Estimated Read Time: 16 Minutes
When you buy products for your employees, how do you decide what to get?
Price? That’s typical but shouldn’t be the sole factor.
Because you like it? What you like might not represent the majority of the recipients.
Because it’s useful? Useful to whom? A retiree most likely won’t need dishware or a blender; they will just give it away, likely to a child or grandchild. My mother would not appreciate some modern tech gift because she wouldn’t know how to use it, but my brother would.
The point is, when was the last time you looked at how your recipients see your gift? Does it mean anything to them? Or does your gift come off as a slap in the face?
That’s a nightmare situation to say the least.
Make Sure the Gifts Are Appropriate & Not Offensive
Let me tell you a story. I worked at a company for a number of years who would give gift cards as recognition. I wouldn’t advise giving gift cards all the time, but it wasn’t bad to basically get free money to a place you would go to anyway.
As long as it’s a gift card to something appropriate, right?
Well, one of my friends at the company was a well-known Vegan. For work lunches, she would request Vegan alternatives or she would bring in her own meals so she would not be a burden. It was common knowledge by the whole company. She had been there just shy of a year, but everyone knew her and her bubbly personality was always appreciated.
Now, she was excited because she got a big sale, as well as went above and beyond in serving that new customer. She was going to get recognized for this accomplishment. She worked rather hard on this deal for a while.
She was handed a card and inside was a gift card… to Omaha Steaks.
She was surprised at first. Then upset. A well-known Vegan got a gift card to a meat company?
She ended up giving the card to her dad, notified HR her disgust, and ended up quitting not too long after. Not only was the gift card a fail, it resulted in losing a good employee, who was well-connected in the community.
And she is sure to tell others about her experience at that company.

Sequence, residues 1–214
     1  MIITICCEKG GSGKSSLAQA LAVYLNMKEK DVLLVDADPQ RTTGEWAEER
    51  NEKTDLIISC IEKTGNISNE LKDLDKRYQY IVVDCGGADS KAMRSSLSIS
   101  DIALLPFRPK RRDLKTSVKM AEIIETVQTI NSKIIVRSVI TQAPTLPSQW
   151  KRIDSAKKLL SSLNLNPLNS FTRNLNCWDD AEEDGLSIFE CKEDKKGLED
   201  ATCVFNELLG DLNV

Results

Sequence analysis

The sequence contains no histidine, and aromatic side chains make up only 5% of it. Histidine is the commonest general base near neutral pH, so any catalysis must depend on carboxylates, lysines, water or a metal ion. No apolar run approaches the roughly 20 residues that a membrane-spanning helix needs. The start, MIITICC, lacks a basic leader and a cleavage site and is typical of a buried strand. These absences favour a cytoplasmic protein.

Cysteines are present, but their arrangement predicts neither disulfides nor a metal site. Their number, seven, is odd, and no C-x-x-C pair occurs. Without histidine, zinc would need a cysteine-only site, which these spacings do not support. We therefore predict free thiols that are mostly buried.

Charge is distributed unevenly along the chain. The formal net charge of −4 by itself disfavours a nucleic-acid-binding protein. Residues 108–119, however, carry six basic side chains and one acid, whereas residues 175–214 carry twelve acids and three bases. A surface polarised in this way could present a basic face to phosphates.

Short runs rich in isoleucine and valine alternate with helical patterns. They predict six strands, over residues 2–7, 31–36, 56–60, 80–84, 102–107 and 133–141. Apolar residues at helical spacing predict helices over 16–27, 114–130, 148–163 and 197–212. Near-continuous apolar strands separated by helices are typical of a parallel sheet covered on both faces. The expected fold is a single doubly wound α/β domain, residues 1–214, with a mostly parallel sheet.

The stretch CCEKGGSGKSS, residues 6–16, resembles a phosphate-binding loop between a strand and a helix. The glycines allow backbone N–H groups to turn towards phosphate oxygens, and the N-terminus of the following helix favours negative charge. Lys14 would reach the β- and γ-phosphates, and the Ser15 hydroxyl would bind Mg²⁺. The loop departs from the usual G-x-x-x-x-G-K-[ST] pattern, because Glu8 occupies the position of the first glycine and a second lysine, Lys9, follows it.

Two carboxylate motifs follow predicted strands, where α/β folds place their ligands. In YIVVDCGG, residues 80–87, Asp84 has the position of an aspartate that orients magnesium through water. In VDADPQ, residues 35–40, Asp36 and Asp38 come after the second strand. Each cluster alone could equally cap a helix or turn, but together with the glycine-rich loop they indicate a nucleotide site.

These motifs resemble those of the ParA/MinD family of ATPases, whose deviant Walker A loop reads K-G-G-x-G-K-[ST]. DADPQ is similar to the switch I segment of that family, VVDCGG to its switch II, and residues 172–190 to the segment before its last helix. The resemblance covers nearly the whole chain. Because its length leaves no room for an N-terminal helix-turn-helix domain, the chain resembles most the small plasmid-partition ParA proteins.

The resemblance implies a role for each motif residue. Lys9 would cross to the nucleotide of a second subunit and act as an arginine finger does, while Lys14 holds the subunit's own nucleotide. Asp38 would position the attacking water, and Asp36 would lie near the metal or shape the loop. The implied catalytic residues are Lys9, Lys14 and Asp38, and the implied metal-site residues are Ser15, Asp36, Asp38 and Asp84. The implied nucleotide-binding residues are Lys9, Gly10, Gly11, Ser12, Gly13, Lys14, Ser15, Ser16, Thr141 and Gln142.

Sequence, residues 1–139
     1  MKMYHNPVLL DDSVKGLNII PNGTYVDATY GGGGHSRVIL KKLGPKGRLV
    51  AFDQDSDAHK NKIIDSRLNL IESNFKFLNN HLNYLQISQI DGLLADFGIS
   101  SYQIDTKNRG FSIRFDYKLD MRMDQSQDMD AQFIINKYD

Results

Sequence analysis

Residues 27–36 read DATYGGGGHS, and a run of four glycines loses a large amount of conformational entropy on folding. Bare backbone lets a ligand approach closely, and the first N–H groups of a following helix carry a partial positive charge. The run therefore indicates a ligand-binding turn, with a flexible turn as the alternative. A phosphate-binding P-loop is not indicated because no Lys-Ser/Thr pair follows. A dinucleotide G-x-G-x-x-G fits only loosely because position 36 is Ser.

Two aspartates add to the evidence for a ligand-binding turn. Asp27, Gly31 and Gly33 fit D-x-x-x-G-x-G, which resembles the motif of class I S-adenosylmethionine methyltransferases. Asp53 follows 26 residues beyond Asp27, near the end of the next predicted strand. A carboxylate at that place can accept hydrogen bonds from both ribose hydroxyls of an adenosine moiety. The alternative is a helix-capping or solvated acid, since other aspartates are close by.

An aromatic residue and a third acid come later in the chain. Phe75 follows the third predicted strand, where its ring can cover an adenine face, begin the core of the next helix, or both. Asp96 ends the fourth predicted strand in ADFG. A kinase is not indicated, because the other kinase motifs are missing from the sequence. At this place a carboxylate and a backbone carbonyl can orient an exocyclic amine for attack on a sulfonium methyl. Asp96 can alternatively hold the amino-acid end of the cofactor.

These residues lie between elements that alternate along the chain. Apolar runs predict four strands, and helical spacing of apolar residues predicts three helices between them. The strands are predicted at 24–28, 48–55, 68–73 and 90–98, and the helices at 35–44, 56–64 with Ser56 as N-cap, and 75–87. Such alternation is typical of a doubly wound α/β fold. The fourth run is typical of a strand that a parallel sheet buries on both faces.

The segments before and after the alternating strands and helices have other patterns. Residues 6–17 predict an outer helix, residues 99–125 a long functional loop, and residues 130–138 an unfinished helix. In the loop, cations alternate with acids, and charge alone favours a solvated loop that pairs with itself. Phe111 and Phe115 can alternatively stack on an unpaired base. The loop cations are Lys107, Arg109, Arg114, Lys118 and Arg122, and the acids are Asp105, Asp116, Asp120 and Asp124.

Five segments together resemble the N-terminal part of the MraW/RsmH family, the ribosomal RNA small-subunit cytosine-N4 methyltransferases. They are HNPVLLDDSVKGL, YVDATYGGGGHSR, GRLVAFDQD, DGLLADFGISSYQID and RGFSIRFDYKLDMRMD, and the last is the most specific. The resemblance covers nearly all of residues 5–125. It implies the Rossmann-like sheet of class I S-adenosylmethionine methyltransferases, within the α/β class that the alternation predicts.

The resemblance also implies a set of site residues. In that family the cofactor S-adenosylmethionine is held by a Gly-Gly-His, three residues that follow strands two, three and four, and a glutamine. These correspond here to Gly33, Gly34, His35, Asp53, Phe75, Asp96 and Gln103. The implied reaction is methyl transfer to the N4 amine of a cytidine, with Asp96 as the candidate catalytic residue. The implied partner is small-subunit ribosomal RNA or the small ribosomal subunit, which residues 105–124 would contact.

Cause and Effect
And who are the candidates (like the one to replace the lady who just left) going to listen to?
That’s right; they are going to trust her warning that this company does not properly recognize employees. That they don’t know or truly care about their people.
Oh, you can try to tell yourself that she might be a fluke. Not everyone talks about their candidate or employee experience.
But you’re wrong.
And guess what, that will affect your hiring rate.
Ouch. So, you might miss out on qualified, even star employees, because you didn’t know how to appropriately recognize an employee.
Cause: Poor employee recognition.
Effect: Lose top employees and your hiring pool takes a hit.
Make Sure Your Recognition Is Meaningful
Employees want to be recognized. They work hard on projects, hit deadlines, push themselves, and even miss some essential family time. Work life balance is not as clean cut as many articles claim. Even if you can’t take your work home with you, you still walk away stressing, worrying, and thinking about work.
Work takes up a large portion of your employees’ lives, so of course they will want some sort of satisfaction from it. And guess what, by recognizing employees, they start feeling engaged and satisfied.
Engaged employees are productive employees.
Yes, engaging employees is that important; unless you want to be losing money.
So that means employees want recognition, yes, but what type of recognition?
What about recognition that is meaningful and relevant to them? Don’t give a Vegan a gift card for a steak place. Don’t give a person who is retiring a set of dishes.
No, they want something that makes sense for them.
Whether that award is a physical gift, a cash equivalent, or is symbolic, that is up to you.
A Physical Gift
A physical gift can be anything from a blender to a t-shirt. It could be a nice, new speaker system or a fancy pen. It can be a luxury item or another trinket that they can get from the discount store. Just keep in mind, what you give to your employees reflects you and your brand.
In addition to having to understand that the gift has to be relevant to them, you also have to keep in mind that for physical, commodity-style gifts, your employees know their worth. Employees know that shirt was a few bucks, that pen was a little more than a few cents, that blender was from $30-80, and that fancy speaker was around $200. You have commoditized your gift. You have told your employees what their work was worth. They will be able to gauge how much you value their hard work and what you’re recognizing them for.